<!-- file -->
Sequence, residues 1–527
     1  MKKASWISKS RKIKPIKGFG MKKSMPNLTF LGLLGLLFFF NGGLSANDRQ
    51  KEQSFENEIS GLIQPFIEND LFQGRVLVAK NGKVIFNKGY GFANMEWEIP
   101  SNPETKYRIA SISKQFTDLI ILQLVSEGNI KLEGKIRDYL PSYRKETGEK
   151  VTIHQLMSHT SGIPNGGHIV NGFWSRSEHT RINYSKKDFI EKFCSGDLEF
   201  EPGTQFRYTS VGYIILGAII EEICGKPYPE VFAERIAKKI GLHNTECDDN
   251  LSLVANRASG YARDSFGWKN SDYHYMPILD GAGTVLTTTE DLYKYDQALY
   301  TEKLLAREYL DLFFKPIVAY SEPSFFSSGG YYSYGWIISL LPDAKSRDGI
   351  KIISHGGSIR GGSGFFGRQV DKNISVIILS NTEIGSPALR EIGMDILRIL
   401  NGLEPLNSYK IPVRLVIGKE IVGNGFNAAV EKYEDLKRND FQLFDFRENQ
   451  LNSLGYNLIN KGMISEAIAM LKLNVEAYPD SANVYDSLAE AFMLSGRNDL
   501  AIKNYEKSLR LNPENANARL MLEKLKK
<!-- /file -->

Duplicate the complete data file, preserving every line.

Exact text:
Sequence, residues 1–527
     1  MKKASWISKS RKIKPIKGFG MKKSMPNLTF LGLLGLLFFF NGGLSANDRQ
    51  KEQSFENEIS GLIQPFIEND LFQGRVLVAK NGKVIFNKGY GFANMEWEIP
   101  SNPETKYRIA SISKQFTDLI ILQLVSEGNI KLEGKIRDYL PSYRKETGEK
   151  VTIHQLMSHT SGIPNGGHIV NGFWSRSEHT RINYSKKDFI EKFCSGDLEF
   201  EPGTQFRYTS VGYIILGAII EEICGKPYPE VFAERIAKKI GLHNTECDDN
   251  LSLVANRASG YARDSFGWKN SDYHYMPILD GAGTVLTTTE DLYKYDQALY
   301  TEKLLAREYL DLFFKPIVAY SEPSFFSSGG YYSYGWIISL LPDAKSRDGI
   351  KIISHGGSIR GGSGFFGRQV DKNISVIILS NTEIGSPALR EIGMDILRIL
   401  NGLEPLNSYK IPVRLVIGKE IVGNGFNAAV EKYEDLKRND FQLFDFRENQ
   451  LNSLGYNLIN KGMISEAIAM LKLNVEAYPD SANVYDSLAE AFMLSGRNDL
   501  AIKNYEKSLR LNPENANARL MLEKLKK